That said, I had to laugh when I heard the Evangelical Fellowship of Canada -- which with the Canadian Conference of Catholic Bishops and REAL Women (no surprise on the last one) filed a joint amicus curiae brief against the women who filed the original petition during the appeal -- said the best way forward in light of the judgment was to just ban prostitution altogether (it has been legal ante the ruling).    Don't go after prostitutes, just the pimps and johns.

Well, two points.   As I said above the law was meant to go after those two groups but the way the law was constructed made them go off relatively free.   Of course we should be going after the exploiters.

But making it illegal?    That would just force everything underground and make things even worse for the workers, especially the women.   It's those workers who are our front line.   They know what's going on with their fellow workers.   They know what's going on in the underground.   They're the ones the police should be going to first when there are missing women and missing teens.   They shouldn't be ostracized because of their chosen profession.

I am almost certain I would never hire an escort or another else woman in the trade for "services".   (Right now I can't afford it anyway!)    But I think both men and women who want to purchase such services should have a reasonable expectation his or her temporary partner isn't being exploited.

Don't forget, the Mafia got its start with Prohibition.   By the time alcohol was made legal again, they were firmly entrenched and now control at least 10% of our economy.    They definitely have their hands on prostitution.  Do you think it'll get better with making that illegal?   Really?   (Apologies to Seth Meyers and Amy Pohler.)

I say, totally legalize it, with appropriate safeguards.   If rape occurs during a paid for transaction, then it should become a hate crime with enhanced penalties just like any other crime motivated by hate.   Empower the workers to help the police go after the real scums -- those who do exploit people for the money or the hell of it.

Tax it.   This is a huge revenue stream waiting to be tapped into.   It may be a bridge too far for the incumbent government but with fiscal restraint it cannot be ignored.

This is an opportunity to fix the law.   But the PM may have other ideas, and not just because he's an evangelical (although many friends of mine at work who are support the decision).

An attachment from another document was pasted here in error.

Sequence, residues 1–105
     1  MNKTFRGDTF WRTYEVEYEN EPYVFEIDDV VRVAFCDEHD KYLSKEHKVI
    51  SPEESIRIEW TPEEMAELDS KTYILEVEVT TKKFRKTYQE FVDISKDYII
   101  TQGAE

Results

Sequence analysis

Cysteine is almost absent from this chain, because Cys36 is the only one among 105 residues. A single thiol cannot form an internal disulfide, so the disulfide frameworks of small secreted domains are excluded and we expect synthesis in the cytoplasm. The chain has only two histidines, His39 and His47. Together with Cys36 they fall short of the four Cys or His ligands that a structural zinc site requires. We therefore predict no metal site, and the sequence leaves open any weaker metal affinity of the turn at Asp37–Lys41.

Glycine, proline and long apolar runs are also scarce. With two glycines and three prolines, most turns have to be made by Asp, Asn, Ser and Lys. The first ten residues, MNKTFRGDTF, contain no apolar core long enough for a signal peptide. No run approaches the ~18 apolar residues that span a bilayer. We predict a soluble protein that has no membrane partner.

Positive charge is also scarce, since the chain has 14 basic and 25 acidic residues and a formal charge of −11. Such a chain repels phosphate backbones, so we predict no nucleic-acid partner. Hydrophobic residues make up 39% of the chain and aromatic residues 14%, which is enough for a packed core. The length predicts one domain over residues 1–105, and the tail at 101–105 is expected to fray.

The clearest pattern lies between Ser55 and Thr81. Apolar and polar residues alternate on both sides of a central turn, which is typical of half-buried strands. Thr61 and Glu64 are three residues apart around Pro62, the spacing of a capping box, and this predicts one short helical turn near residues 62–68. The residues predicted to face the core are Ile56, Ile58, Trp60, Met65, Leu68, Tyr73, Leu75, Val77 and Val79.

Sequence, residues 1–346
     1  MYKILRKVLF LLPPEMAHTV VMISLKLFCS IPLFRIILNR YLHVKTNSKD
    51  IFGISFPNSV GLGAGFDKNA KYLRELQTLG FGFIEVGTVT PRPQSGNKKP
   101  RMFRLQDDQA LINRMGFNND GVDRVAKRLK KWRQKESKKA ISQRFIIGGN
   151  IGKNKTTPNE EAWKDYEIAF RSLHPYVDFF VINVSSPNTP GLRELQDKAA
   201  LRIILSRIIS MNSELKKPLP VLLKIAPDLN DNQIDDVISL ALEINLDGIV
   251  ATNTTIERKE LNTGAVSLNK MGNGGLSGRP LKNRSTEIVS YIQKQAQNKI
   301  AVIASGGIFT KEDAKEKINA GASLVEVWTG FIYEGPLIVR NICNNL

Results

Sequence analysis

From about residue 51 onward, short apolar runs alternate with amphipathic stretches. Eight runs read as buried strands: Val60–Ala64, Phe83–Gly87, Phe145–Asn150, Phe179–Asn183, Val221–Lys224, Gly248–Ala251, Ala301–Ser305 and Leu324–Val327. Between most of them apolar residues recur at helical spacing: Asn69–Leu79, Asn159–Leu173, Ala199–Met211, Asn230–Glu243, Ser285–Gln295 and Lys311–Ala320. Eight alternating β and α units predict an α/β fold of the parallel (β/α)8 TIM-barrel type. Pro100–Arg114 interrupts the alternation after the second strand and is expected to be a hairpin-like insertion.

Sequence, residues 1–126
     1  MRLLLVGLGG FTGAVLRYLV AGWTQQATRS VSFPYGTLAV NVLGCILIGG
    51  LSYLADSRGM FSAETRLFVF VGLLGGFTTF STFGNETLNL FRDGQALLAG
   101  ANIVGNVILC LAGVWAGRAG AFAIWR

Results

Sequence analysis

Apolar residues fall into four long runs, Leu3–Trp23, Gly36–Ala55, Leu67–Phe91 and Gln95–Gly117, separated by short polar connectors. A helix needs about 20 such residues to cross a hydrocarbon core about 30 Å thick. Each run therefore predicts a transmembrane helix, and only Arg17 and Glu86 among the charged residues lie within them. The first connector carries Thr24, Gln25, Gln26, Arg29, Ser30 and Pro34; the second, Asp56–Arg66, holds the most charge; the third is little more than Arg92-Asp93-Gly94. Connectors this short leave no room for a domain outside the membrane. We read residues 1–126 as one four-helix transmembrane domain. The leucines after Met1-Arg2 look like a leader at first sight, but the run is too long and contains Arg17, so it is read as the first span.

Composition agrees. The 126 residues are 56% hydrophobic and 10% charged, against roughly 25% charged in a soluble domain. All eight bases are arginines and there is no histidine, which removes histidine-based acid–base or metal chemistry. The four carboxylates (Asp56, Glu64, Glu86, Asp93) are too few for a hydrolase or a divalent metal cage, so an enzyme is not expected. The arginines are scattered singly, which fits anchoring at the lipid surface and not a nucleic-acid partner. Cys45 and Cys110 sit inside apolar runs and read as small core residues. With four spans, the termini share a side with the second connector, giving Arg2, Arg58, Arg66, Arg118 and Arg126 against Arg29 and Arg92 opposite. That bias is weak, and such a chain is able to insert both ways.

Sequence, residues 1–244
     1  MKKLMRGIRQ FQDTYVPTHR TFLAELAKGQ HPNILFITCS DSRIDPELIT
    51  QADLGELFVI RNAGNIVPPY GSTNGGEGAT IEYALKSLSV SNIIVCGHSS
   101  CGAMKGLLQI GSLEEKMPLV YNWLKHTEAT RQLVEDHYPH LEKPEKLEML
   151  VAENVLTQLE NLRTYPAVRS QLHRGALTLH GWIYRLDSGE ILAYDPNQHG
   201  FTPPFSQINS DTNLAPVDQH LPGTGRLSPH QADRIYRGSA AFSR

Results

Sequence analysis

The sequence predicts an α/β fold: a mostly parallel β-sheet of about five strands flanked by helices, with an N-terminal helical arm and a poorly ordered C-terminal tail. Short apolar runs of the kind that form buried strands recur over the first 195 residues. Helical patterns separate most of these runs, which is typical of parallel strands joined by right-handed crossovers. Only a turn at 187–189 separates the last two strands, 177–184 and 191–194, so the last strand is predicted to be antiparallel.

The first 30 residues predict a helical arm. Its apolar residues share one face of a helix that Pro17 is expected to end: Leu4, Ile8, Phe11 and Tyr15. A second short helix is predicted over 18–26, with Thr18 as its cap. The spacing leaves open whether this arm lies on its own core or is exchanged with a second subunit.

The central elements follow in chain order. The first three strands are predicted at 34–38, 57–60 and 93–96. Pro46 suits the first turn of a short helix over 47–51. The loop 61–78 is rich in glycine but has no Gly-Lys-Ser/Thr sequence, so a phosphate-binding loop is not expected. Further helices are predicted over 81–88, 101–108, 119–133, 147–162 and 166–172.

I'm sure Harper is tempted to use the "notwithstanding clause" which would reinstate the ante quo and kick the issue down the road for another five years.    But there is a strong precedent his Attorney General, Peter MacKay, can use instead.

When the original rape shield law was "voided for vagueness" in 1992, women's groups were clamouring for the clause to be invoked.   But as the then AG Kim Campbell pointed out, the fact the law was vague did neither attackers nor victims any good.   Not the victims because it wasn't clear what evidence was excludable    Not the defendants because they didn't know on what basis they could defend themselves.

The statute that replaced it, which passed unanimously in both Houses (when has that happened under Harper?) was the "no means no" law.   Not only did it put in clearer guidelines for when a victim's past sex history could be used, the law also created a nine-point test to determine if there was consent to sexual activity.    It has survived court scrutiny, and more important there have been a higher number of convictions for sexual assault.

The point:    Rework the nullified provisions.    Make it clear who gets protection under the law and who doesn't.   If it means expanding and tightening "no means no" by all means do so.   But don't make the whole business illegal.    Then it's society as a whole that will be the victims, not just sex trade workers.

Thursday, December 12, 2013

Is that all the post office could come up with?

Since the post office department (literally part of the government) became the Canada Post Corporation in 1982, its mandate has been to deliver the mail but to do so on a self-sustaining model; in other words, no bailout from Parliament.    That's been fine, because until a few years ago it was a very profitable venture paying dividends into general revenues.

Recently, though, despite having huge revenue streams from Purolator Courier and the Canadian arm of Amazon.com, it's been losing money.   Simply stated, with people getting their bills online, through ePost no less (!), and a switch to e-mail as the main form of communication -- not to mention pretty tight collective bargaining agreements and being on the losing end of a pay equity case -- the post office has been losing money.

There are ways to turn all of this around.   But I am worried about the choices the company has made.   And I'll go through their "five points".

First, jacking up the price of postage to a buck (yeah, yeah it's 85 cents if you buy a book of ten but who does that, really?).    This may indeed reflect the true cost of service, and it may be Canada Post's way of getting out of the bind it was in when Parliament said it could only raise postage prices to just ¾ of the rate of inflation for several years ... that restriction has now expired.   For those on fixed incomes, or those who can't afford Internet access (or believe it's the tool of the devil), it certainly puts a crimp on their lifestyle.   So what if costs less than a cup of coffee?